Prior to 1900, there was no refrigeration and food was rarely shipped long distances as it is today. As a result, far more people had their own vegetable gardens in order to supply themselves with fresh produce. The contents of these vegetable gardens varied according to personal taste and climate; residents of different ecosystems had to modify their gardens to accommodate what was willing to grow in their areas.
Open Pollinated Seeds
Open pollinated seeds are seeds gathered from plants that have gone to seed. These seeds are saved for planting the next year. Many hybrid varieties, which are created by crossing two varieties of vegetable, combine the strengths of the two varieties but do not produce seeds. In the 19th century, there were far more non-hybridized varieties of vegetables being grown, and more people saved their seeds for the following year's garden.
In the 19th century, there were no synthetic pesticides or fertilizers available, so all gardens were effectively organic. Gardeners maintained the health of their soil by rotating crops, applying both green and animal manure, and allowing areas to lie fallow in order to regenerate. Many techniques of cooperation with the soil were utilized in order to maximize yield and minimize problems with pest and disease. A very common technique was to intersperse varieties of vegetable in order to minimize the spread of any pests or diseases that did appear in the garden. Many 19th-century gardening techniques are still used.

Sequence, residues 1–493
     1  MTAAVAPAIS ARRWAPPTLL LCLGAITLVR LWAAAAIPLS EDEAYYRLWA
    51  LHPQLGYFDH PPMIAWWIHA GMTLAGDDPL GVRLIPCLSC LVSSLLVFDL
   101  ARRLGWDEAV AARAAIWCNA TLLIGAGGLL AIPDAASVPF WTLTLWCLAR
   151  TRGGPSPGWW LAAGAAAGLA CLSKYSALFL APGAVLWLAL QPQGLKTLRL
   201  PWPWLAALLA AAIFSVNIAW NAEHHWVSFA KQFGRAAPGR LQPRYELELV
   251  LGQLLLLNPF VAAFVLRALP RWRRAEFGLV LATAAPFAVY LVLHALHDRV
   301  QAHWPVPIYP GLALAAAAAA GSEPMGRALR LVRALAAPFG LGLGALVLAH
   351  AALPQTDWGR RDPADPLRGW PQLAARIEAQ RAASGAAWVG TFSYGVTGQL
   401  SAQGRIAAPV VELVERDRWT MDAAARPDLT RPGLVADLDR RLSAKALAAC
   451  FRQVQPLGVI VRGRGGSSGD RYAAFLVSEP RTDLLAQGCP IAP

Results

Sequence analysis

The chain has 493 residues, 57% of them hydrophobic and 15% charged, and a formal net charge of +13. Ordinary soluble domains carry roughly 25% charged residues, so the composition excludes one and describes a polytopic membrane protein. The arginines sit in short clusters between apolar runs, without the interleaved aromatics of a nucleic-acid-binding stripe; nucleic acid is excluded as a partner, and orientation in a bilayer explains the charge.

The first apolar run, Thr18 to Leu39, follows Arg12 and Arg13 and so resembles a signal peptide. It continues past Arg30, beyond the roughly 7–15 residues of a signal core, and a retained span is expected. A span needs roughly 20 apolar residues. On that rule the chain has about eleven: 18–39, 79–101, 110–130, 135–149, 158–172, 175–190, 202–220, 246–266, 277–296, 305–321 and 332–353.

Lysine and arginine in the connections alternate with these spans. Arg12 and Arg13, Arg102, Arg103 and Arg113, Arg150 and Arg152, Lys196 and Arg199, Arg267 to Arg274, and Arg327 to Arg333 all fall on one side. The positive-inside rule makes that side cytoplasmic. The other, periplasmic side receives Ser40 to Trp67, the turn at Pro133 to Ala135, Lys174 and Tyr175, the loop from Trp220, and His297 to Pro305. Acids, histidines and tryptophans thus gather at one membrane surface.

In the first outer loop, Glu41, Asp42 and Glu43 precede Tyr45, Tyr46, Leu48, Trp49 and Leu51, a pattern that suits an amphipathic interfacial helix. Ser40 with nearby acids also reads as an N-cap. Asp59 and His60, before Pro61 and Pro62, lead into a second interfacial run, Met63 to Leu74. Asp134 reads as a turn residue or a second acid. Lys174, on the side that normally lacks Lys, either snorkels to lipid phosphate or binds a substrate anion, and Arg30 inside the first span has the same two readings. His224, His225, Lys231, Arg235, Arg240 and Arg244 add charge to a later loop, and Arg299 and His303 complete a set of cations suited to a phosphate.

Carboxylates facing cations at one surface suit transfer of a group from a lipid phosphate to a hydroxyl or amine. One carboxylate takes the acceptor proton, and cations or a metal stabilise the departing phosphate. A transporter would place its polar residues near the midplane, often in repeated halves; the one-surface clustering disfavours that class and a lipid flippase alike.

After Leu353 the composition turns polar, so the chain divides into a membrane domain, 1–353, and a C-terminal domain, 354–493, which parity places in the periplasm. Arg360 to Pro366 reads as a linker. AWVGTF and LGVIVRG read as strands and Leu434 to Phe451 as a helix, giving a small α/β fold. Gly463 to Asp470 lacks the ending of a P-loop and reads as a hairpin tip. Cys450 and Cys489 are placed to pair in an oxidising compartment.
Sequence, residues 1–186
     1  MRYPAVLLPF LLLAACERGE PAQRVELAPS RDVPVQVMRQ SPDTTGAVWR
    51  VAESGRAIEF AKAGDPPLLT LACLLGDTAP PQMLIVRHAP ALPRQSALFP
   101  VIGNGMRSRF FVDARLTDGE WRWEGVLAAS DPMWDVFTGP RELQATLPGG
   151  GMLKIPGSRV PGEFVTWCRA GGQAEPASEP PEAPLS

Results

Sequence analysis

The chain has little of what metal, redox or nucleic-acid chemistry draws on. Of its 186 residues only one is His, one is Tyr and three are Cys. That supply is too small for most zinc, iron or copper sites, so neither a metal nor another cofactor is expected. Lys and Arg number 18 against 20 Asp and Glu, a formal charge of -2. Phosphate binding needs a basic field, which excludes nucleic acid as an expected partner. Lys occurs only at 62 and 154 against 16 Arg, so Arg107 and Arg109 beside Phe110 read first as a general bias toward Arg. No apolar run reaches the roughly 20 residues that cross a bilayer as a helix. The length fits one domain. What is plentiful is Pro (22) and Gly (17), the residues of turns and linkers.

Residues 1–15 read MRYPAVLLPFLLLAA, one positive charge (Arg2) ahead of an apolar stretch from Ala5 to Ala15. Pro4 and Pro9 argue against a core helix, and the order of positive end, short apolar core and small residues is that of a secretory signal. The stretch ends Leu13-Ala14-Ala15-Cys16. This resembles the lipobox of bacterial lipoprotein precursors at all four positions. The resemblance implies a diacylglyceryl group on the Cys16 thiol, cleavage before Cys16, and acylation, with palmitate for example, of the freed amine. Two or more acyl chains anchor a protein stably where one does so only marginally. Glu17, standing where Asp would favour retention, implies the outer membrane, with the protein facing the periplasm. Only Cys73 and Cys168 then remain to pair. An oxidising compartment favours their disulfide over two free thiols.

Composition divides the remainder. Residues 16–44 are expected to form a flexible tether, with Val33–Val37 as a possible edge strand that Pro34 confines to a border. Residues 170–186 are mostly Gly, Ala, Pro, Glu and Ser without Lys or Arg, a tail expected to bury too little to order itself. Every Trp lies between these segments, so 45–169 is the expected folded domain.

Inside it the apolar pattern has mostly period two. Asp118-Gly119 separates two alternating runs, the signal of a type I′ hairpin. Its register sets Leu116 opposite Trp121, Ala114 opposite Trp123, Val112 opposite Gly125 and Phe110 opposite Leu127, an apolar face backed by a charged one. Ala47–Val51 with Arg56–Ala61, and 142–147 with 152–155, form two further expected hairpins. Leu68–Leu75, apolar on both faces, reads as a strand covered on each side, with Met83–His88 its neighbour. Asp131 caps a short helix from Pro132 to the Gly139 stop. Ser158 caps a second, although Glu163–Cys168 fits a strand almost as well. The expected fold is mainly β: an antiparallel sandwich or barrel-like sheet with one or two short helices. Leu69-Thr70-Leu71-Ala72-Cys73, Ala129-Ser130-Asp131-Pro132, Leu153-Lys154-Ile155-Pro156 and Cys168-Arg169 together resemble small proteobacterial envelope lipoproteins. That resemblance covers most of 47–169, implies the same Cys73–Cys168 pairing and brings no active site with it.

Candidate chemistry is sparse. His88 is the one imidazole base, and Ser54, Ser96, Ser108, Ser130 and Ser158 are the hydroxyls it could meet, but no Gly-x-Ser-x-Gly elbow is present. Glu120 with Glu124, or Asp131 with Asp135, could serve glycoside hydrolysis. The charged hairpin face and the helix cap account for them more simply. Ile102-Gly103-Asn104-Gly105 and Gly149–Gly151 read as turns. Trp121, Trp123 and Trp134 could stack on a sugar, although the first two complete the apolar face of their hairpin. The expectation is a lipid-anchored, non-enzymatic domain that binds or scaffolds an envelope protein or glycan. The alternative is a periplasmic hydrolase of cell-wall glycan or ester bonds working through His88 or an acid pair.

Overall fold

Far more varieties of vegetable were commonly cultivated in the 19th century than are cultivated today. Economies of scale and wide distribution of centrally grown vegetables have reduced the variety of vegetable strains to a fraction of what existed 200 years ago. While massive cultivation of a few strains allows prices to drop, the resistance to disease and pestilence that is inherent in variety has decreased. Today's monocultures are more susceptible to disease because diseases can spread more easily through identical plants. These diseases are controlled by large doses of synthetic pesticides. The greater time requirements and difficulties involved in transportation in the 19th century also discouraged wide dissemination of single strains, and helped to maintain diversity of vegetable varieties, and maintenance of certain strains within local areas.
Although there were many individuals who carefully cultivated exotic plants such as orchids or rare vegetables in the 19th century, the bulk of vegetable gardeners were cultivating in order to feed themselves and their families, and as a result most vegetable gardens were limited to varieties that were high in protein and that would grow well in local conditions. Most gardens featured potatoes, corn, beans, tomatoes, broccoli and cucumbers, and seasonal leafy greens such as lettuce and kale.
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